Celestial hemisphere:  Northern  ·  Constellation: Cygnus (Cyg)
Getting plate-solving status, please wait...
We 1-10, 



    
        

            Gary Imm
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We 1-10

Getting plate-solving status, please wait...
We 1-10, 



    
        

            Gary Imm
Powered byPixInsight

We 1-10

Acquisition details

Dates:
June 5, 2019 ·  June 8, 2019
Frames:
Astrodon Gen2 I-Series Tru-Balance Blue: 30×120(1h) (gain: 111.00) -12°C bin 1×1
Astrodon Gen2 I-Series Tru-Balance Green: 30×120(1h) (gain: 111.00) -12°C bin 1×1
Astrodon Gen2 I-Series Tru-Balance Red: 30×120(1h) (gain: 111.00) -12°C bin 1×1
Astrodon H-alpha 5nm: 36×300(3h) (gain: 270.00) -12°C bin 1×1
Astrodon OIII 3nm: 36×300(3h) (gain: 270.00) -12°C bin 1×1
Integration:
9h
Avg. Moon age:
3.86 days
Avg. Moon phase:
17.99%

RA center: 20h31m52s.351

DEC center: +48°5252.26

Pixel scale: 0.493 arcsec/pixel

Orientation: 8.184 degrees

Field radius: 0.338 degrees

More info:Open 

Resolution: 3951x2972

File size: 6.0 MB

Locations: Backyard (Mag 20.8 - Bortle 4.5), Onalaska, Texas, United States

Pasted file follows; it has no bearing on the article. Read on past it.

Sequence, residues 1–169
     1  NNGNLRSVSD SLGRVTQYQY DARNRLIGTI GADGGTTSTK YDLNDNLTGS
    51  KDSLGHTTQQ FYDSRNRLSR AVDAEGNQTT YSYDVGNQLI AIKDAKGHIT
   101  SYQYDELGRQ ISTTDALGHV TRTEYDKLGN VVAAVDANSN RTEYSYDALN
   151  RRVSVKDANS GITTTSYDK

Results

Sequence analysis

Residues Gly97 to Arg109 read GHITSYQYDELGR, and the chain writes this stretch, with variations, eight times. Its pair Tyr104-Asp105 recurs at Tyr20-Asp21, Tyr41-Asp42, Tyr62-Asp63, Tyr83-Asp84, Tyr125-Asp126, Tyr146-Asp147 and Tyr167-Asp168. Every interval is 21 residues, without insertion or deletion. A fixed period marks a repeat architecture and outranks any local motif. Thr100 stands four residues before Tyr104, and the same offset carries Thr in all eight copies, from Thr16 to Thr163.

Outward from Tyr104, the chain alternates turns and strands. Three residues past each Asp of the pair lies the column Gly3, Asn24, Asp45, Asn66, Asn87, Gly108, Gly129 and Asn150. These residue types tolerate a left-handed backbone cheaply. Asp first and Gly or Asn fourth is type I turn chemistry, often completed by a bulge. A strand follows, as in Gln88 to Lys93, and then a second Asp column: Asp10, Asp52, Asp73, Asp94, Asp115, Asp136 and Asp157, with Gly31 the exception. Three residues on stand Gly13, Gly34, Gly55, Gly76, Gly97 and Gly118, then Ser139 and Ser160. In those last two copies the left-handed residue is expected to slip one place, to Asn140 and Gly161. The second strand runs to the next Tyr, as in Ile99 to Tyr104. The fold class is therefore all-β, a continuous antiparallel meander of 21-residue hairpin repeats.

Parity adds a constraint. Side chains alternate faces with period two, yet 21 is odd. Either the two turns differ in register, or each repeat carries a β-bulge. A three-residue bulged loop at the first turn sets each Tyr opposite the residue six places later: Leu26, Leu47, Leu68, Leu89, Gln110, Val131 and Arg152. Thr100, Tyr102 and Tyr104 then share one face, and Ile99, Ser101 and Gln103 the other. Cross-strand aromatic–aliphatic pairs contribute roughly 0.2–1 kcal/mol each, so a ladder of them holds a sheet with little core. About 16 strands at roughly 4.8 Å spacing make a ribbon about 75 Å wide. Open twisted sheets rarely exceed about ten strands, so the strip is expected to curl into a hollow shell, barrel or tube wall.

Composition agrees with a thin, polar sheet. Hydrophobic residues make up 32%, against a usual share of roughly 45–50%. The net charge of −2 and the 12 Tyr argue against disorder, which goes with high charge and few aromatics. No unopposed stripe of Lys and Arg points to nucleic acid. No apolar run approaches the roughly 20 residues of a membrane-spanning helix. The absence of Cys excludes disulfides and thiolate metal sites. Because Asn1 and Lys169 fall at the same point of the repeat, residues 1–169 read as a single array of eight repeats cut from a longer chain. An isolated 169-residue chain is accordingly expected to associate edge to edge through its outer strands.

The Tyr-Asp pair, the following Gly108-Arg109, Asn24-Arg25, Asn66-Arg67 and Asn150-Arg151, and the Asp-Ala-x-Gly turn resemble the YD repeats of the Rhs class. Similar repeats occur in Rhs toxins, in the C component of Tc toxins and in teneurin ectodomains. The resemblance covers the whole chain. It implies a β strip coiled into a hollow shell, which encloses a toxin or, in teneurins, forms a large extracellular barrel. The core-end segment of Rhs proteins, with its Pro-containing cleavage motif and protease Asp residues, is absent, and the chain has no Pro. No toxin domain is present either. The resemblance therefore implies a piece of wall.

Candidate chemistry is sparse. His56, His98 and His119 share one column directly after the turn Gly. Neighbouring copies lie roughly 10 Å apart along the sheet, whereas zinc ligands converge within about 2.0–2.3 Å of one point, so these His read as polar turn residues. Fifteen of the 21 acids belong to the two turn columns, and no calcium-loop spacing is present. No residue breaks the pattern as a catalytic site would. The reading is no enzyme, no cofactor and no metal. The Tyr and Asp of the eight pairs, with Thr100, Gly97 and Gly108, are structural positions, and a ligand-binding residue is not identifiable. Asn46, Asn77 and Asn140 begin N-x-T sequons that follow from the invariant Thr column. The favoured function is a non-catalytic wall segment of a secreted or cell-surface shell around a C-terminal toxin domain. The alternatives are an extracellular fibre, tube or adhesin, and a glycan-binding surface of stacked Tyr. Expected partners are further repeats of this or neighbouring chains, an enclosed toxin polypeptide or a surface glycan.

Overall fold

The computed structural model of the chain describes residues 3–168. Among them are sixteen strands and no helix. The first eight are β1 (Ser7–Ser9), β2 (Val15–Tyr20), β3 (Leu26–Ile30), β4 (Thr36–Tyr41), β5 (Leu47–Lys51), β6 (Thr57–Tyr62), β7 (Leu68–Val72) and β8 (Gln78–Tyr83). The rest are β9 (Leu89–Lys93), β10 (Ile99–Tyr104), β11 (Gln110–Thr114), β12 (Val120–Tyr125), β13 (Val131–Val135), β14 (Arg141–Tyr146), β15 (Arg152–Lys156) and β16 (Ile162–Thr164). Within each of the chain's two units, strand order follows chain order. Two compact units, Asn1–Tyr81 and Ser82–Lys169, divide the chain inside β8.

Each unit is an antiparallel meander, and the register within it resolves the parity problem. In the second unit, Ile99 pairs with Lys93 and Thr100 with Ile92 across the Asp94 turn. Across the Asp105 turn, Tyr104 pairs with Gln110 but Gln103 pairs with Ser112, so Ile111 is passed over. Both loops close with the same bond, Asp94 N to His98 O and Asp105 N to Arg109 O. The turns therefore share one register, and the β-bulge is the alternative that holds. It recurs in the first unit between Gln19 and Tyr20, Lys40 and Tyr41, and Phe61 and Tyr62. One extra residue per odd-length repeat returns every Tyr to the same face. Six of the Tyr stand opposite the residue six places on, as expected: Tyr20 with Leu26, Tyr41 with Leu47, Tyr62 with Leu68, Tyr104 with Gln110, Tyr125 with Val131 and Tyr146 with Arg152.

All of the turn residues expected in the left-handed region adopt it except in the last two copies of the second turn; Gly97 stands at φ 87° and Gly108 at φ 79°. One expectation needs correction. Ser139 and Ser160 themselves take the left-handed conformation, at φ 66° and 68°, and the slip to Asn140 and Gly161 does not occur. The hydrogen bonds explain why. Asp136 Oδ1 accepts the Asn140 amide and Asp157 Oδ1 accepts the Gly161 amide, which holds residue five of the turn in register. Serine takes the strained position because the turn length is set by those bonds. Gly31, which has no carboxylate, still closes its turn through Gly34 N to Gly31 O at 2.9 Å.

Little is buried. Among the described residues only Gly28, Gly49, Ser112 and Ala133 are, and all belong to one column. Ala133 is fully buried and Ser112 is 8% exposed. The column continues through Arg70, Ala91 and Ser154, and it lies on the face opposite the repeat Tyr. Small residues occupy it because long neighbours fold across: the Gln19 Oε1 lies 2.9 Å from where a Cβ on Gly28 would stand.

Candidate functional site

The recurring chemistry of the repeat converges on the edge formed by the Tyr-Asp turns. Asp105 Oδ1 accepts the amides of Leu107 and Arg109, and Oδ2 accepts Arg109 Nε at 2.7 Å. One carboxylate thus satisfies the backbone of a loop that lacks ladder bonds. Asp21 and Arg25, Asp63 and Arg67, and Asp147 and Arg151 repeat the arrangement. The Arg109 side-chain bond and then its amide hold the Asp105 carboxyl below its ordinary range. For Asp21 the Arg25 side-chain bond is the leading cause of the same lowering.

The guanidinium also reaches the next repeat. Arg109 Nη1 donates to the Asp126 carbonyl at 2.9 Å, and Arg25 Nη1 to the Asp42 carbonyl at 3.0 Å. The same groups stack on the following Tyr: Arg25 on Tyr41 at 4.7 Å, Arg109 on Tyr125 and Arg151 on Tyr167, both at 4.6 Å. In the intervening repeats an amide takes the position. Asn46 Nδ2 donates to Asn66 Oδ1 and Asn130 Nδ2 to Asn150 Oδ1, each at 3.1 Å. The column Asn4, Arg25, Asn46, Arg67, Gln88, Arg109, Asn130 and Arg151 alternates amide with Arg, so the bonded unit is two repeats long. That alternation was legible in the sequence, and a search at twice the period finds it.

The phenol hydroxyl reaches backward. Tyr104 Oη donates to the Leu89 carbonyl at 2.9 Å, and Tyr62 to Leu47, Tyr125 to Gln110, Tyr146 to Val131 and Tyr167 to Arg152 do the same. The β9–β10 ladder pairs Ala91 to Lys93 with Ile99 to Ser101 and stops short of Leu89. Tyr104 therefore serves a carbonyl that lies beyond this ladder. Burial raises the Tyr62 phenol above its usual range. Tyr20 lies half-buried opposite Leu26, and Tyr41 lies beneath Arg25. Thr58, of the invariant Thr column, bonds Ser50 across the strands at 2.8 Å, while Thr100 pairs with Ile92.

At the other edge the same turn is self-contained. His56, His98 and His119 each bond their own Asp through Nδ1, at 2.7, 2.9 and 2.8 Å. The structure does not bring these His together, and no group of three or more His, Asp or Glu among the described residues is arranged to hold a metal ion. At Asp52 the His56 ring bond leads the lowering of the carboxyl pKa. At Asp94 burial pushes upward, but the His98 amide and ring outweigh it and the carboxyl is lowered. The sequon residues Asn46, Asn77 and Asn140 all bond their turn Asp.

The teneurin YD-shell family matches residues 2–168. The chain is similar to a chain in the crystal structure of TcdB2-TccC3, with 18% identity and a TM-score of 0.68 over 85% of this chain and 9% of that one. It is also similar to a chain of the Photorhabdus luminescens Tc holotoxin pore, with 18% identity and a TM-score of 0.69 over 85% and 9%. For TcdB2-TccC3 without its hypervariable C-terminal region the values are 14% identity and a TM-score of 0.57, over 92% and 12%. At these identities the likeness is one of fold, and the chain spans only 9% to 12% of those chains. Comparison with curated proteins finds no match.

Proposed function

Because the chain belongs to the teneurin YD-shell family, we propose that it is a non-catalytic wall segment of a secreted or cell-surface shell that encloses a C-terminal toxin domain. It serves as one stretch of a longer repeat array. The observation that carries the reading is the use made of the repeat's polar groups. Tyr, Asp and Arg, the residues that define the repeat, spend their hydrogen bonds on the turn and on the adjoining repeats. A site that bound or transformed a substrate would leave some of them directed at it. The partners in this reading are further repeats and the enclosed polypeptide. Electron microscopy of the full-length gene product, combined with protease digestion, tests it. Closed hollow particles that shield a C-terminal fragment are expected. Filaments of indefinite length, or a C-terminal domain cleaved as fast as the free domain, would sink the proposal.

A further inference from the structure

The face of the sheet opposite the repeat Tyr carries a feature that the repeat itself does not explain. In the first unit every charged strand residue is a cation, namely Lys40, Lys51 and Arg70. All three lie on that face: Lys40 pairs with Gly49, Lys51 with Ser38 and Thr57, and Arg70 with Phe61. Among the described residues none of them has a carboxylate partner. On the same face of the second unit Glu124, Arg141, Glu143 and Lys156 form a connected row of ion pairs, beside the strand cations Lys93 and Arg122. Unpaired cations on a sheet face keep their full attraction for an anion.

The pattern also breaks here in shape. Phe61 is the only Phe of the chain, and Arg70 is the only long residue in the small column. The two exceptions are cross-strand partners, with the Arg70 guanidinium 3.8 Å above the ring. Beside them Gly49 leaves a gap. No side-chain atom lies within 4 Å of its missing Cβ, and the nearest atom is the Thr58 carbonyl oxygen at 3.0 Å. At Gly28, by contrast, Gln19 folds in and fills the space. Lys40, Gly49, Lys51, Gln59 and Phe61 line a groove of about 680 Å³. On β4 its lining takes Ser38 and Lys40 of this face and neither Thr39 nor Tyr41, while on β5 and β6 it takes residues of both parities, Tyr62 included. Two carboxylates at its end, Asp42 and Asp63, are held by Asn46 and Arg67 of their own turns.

Data source: Backyard

Description

This object is a faint, rarely imaged planetary nebula located 1400 light years away in the constellation of Cygnus at a declination of +49 degrees. The nebula spans 3 arc-minutes in our apparent view. This corresponds to a diameter of just over 1 light year, which is typical for a PN.

This nebula was identified by Weinberger through a review of POSS prints. The nebula is the largest of 12 new ones documented in his 1977 paper, New Planetary Nebulae of Low Surface Brightness.

It is interesting to me that the outer edges of the nebula are blurred in some places. I assume that this is due to ISM interaction. Unlike most PN, it is not obvious to me which star in the image, if any, is the progenitor star. A significant amount of HII nebulosity appears in the image.

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